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Organist Composers


Justadad
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In my ignorance I seem to think that in the past the great composers of organ music have often been organists themselves.

 

I'm having difficulty figuring out who the great organist/composers of today are.

 

As you may know, I am a shameless novice in these matters. I get to Naji Hakim and then, well, I grind to a halt. Stupid, I know.

 

I should be very grateful if those of you who know what you are talking about (i.e., everyone except me) could bring me up to speed on the great organist/composers extant ... please.

 

Thanks in advance.

 

Justadad

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Three spring straight to mind from these shores:

 

David Briggs

 

David Bednall (Someone to keep an eye on for the future, brilliant)

 

Paul Spicer (Although he's probably better known as a conductor than an organist.) His Kiwi Fireworks and his Suite for Organ are very fine, in my opinion.

 

P.

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"Great" composers? To be perfectly blunt, I'm not sure we have any at the moment, but the charitable view would be that posterity will be the better judge. There are some excellent ones around, though.

 

What little I have heard of David Liddle's music has impressed me enormously. His Arabesque in particular is not only idiomatically written for the instrument, but also extremely satisfyingly constructed. In short, it's a first-rate composition. I came across it when Peter Barley played it in a recital at Exeter. Stylistically it struck me as a sort of cross between Duruflé and Vaughan Williams - and none the worse for it. It is, however, enormously difficult; David warned me that it would take months to learn - and he wasn't joking! One day I hope to get around to it! But if you have the sort of mind and technique that can get round Messiaen's Les yeux dans les roues, it will hold no terrors. Opening page here.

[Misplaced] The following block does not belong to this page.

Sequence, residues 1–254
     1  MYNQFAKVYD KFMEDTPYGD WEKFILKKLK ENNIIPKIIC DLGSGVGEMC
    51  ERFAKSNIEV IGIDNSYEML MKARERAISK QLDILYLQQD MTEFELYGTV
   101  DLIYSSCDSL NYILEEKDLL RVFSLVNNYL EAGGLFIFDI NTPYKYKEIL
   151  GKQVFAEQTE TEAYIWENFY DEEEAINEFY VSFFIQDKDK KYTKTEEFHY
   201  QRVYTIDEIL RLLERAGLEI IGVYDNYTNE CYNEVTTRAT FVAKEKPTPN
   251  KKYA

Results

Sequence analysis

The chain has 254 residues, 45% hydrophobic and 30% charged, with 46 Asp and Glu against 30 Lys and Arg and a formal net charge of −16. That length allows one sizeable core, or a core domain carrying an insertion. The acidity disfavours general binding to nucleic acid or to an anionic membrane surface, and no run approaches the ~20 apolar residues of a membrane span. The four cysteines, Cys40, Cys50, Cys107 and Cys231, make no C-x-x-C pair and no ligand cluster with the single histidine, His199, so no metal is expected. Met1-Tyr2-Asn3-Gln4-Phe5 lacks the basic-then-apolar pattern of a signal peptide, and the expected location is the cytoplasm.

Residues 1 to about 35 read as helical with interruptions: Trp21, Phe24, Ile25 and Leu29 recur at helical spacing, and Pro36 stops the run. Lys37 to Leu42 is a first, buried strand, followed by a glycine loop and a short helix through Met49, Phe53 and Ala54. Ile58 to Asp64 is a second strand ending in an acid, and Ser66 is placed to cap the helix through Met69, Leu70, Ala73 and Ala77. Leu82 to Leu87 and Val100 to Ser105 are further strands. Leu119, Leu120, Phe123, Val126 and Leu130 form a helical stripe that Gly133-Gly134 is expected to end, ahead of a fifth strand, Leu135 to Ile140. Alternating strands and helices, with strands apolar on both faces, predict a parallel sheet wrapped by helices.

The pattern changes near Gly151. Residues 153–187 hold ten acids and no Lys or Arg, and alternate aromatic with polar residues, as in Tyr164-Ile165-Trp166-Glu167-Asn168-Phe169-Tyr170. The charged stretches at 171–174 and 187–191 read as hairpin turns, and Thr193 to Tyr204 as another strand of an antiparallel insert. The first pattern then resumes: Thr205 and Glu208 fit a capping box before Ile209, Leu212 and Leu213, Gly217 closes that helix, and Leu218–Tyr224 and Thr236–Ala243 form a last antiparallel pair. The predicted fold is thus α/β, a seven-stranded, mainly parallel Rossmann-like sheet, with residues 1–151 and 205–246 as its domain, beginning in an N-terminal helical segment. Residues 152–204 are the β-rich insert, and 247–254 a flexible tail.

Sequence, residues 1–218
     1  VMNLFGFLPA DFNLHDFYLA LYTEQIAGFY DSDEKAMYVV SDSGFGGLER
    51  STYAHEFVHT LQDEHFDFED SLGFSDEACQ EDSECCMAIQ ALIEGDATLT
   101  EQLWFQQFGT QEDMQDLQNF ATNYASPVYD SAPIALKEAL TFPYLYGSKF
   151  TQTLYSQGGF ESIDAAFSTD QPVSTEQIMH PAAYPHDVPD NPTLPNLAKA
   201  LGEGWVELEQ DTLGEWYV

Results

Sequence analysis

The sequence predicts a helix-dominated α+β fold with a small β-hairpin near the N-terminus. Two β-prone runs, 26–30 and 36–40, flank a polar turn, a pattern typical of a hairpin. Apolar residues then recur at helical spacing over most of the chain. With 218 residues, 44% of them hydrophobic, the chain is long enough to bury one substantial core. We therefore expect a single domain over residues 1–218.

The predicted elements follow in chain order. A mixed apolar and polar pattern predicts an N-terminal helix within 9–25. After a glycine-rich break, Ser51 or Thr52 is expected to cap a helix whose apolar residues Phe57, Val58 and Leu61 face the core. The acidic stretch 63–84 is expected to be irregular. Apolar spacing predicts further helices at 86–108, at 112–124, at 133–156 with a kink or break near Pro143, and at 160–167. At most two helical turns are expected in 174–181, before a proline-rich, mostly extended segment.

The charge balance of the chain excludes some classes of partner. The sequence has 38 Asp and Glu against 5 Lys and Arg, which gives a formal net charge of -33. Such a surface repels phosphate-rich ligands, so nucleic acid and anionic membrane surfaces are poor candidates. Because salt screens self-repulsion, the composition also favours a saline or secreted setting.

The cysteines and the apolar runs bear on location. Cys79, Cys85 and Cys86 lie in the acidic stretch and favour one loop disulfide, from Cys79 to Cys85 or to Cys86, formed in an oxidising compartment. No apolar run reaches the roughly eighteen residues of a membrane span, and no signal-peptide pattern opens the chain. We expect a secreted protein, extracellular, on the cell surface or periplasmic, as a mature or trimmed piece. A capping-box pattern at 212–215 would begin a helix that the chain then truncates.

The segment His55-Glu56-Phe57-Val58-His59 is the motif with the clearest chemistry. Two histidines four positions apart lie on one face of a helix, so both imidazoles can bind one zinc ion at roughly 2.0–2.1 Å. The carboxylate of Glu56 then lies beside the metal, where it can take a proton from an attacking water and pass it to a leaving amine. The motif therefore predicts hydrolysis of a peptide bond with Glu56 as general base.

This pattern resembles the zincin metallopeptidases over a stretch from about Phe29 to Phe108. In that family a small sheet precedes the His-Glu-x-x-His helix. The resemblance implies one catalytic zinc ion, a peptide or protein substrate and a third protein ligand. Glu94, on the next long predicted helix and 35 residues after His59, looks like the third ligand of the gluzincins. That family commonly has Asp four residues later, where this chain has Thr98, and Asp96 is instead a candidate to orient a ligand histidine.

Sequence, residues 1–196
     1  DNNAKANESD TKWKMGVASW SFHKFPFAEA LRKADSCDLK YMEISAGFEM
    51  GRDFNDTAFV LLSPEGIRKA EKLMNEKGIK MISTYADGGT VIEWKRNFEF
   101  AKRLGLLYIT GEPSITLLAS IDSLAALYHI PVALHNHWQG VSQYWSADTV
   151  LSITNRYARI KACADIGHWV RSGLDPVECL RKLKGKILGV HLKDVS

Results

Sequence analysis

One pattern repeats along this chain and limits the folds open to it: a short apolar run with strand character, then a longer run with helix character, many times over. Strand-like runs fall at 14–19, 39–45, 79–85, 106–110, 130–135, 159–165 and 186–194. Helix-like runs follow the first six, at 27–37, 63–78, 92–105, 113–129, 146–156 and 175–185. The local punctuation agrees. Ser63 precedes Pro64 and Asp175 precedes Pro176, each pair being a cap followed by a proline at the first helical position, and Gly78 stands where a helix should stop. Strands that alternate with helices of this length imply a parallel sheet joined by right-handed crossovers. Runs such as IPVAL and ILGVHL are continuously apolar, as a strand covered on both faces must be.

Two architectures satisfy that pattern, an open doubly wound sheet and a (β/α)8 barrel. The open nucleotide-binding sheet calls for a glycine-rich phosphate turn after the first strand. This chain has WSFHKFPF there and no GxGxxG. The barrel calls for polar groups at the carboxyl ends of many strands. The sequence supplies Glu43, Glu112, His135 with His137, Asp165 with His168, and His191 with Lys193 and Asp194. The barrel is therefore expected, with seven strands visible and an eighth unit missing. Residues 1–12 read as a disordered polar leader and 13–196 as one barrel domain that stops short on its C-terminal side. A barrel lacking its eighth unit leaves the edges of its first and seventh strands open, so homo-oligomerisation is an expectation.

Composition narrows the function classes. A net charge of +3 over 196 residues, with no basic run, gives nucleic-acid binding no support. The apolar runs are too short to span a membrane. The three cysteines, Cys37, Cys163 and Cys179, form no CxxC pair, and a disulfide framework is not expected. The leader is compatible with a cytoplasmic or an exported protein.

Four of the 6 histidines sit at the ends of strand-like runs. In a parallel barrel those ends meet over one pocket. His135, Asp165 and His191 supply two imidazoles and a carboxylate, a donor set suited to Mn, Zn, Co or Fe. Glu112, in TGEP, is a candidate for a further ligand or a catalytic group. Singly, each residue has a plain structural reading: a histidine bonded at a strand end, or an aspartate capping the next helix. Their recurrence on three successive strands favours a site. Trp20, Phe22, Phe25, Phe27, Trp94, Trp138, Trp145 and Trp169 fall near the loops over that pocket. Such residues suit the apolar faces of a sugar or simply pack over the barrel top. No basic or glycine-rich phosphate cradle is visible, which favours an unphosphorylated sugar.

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I'm having difficulty figuring out who the great organist/composers of today are.

 

I would agree with the other posts about greatness usually being acquired with time, but have you heard the works of Guy Bovet of Switzerland? He has composed some 'great' pieces, but perhaps that's great in a slightly different sense to yours.

Salamanca from Trois Préludes Hambourgeois seems to be gaining popularity.

 

You might also take a look at the list of contemporary composers of organ music at last year's Festival hosted by Martin Stacey at St. Dominic's Priory and two other venues.

Try this link.

 

A web search produces:

Peter Hurford, Ronald Henshaw, Robert Jordahl, Philip Goddard, Christopher Bowers-Broadbent and from Italy: Tiziano Bedetti, Leonello Capodaglio and Alberto Guerzoni, from The Netherlands: Toon (good name for a composer) Hagen, Bert Matter and Gerrit Wielenga, with the very young Danish composer and organist Frederick Magle and Sweden's Hans-Ola Ericsson.